Old MCN Blogs
David Poland

By David Poland poland@moviecitynews.com

Where Were the GRINDHOUSE Girls? (How To Hate Away Half Your Audience)

rosegrind.jpgYou talking to me?

This will not be an essay about the wrong bad billboards for CAPTIVITY, a horror movie whose advertising was aimed, as the mother of one traumatized girl told the Los Angeles Times, “directly at your subconscious.” (Isn’t that where ads ought to strike us?) And should it be a surprise, during this wave of idiot-teenager-in-peril movies, that a studio (or its subcontractor) would get desperate or careless in the selling of yet another undistinguished genre movie?
This is about another instance of marketing gone awry — the selling of GRINDHOUSE, which despite hype, high awareness among movie fans, the charm of big name directors Robert Rodriguez and Quentin Tarantino, and decent critical support, opened this weekend to a meagre $11 million, well behind sillier kid-oriented fare like BLADES OF GLORY and MEET THE ROBINSONS.
Variety’s Anne Thompson cuts through the box office spin and gets to one problem: high costs and a longer than planned running time, which meant fewer showings per day. Despite a promise to the Weinsteins to deliver a double feature of sub-sixty minute mini movies, Rodriguez and Tarantino insisted that “Planet Terror” and “Death Proof” ought to be longer. As long as the directors wanted them to be. (Isn’t it clear now who’s running the show over there, when the director of the langourous, almost-great KILL BILLs puts his foot down twice in a row?)
But the studio, not the directors, that commissions the advertising.
That marketing campaign was downright nasty. Even if you account for the formulaic nature of movie trailers (stars! action! money quotes!) the message sent to me — a Tarantino fan, an action fan, a horror fan — was “This movie’s not for you. You’re not invited.”
What did I see?
Rose McGowan, scantily clad and terrorized. Rose McGowan, prosthetic leg shoved onto her/into her by some guy. Rose McGowan, prosthetic leg/machine gun. (Um…hooray, Rose McGowan? Go get ’em?)

Crazy doctor turned into melting zombie, going after wife and small son. (I’m all for zombie movies, but the gross melting human/chemical waste scenario has a limited fanbase)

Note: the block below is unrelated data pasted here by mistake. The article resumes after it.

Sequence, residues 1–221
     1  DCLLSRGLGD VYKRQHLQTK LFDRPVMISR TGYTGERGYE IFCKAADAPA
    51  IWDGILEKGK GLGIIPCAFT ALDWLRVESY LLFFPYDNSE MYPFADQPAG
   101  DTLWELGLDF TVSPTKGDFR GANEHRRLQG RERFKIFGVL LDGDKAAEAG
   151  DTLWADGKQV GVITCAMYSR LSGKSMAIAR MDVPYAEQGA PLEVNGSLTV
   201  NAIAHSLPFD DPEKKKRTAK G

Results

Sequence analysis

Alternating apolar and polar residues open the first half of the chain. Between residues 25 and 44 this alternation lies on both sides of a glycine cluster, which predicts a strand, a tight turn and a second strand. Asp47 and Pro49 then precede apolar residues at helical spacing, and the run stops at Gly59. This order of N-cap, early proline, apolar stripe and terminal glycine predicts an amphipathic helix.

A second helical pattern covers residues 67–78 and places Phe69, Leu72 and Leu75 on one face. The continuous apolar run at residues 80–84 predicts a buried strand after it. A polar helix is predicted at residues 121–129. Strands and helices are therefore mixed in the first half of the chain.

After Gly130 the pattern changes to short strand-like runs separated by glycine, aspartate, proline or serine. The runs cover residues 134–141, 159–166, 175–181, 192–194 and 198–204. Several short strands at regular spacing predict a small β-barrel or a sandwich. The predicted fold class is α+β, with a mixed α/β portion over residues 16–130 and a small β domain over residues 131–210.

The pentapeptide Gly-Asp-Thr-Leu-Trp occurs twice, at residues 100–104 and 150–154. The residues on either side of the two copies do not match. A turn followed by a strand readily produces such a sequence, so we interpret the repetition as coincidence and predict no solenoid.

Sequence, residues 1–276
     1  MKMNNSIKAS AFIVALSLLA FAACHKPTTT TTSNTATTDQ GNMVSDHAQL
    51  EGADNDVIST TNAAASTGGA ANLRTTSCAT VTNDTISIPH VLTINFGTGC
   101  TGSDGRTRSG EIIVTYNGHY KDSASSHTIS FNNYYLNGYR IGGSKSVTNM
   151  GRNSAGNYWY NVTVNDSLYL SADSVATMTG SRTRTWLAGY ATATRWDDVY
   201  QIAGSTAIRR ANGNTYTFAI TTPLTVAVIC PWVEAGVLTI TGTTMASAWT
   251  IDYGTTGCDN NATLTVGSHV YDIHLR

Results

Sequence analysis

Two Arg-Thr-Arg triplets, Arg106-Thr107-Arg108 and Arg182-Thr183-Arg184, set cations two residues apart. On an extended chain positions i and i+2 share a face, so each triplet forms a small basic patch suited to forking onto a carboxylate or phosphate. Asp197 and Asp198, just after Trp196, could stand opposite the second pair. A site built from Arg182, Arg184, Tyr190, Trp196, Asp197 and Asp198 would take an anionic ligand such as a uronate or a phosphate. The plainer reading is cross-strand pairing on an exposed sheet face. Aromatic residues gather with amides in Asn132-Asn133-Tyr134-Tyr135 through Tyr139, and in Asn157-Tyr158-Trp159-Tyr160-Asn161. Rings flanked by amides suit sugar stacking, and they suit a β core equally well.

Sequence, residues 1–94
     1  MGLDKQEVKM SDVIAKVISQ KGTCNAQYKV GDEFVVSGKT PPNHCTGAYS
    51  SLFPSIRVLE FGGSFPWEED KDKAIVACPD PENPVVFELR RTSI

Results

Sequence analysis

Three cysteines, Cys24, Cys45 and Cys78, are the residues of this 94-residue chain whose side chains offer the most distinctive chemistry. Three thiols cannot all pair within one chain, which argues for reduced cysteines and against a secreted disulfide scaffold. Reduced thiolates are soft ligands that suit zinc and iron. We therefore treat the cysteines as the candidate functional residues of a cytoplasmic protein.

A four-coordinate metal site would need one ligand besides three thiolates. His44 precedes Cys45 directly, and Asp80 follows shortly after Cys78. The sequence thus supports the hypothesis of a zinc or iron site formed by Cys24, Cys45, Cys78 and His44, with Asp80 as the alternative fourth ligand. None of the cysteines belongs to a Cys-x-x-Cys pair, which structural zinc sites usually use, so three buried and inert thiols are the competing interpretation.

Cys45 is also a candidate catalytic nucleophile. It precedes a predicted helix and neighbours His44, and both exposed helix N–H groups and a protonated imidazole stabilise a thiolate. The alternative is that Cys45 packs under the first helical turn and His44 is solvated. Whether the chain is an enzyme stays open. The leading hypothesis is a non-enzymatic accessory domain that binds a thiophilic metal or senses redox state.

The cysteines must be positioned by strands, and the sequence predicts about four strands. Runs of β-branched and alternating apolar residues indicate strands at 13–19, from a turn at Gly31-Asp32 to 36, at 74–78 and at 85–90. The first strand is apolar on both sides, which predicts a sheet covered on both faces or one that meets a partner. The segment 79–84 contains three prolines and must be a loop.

And Kurt Russell. Love that guy, in his badass Snake Plissken mode. But something was off here. The trailer suggested that “Death Proof” was nothing more than a car chase/crash instigated by Kurt Russell, playing a stalker and killer of women: Yeccch. I had no idea, until I saw the movie, that his character met his match in a carload of tough, sexy young women — These are vintage Tarantino characters — hilariously rude. a quartet of Uma Thurmans or Jackie Browns that female movie fans will love. (And guys will idolize.) And Russell, as creepy as he is, portrays a character far more intriguing than the trailers indicate.
A word about the fake movie trailers by Edgar Wright (“Don’t”), Eli Roth (“Thanksgiving”) and Rob Zombie (“Werewolf Women of the S.S.”). In every case, the trailers are funnier than the actual movies they’re parodying. Only Wright seems to notice that type of movies they examine are so twisted — diseased, even, that jokes about them are infected, too. I wondered if Tarantino and Rodriguez couldn’t have found one female horror director to write or direct a trailer — or at least get one of the Splat Packers to parody a Grindhouse genre that was a formative experience for boys and girls of the drive in era: the women in prison picture, complete with (male) hostage taking and escape sequence.
One CAGED HEAT reference would have gone a long way to undo the undertone misogyny in the film — and overtones in GRINDHOUSES ads and hype.
Update: April 16. Mark Harris of Entertainment Weekly tells QT to put away childish obsessions, arguing that “Death Proof” is a creative dead end for the writer/director who’s capable of better. I enjoyed the second half of Grindhouse more than the first (and it wasn’t just the the jolt of my caffeine break kicking in), but I do think it’s kind of embarrassing to see Tarantino, in “Planet Terror,” portraying a puke-talking rapist who’s so disgusting you can’t even look at him. The character, the entire scene, was loathsome. (I admit it: that’s when I looked at my watch and crept out to the lobby for coffee, thinking, “When will Edgar Wright‘s trailer be on?”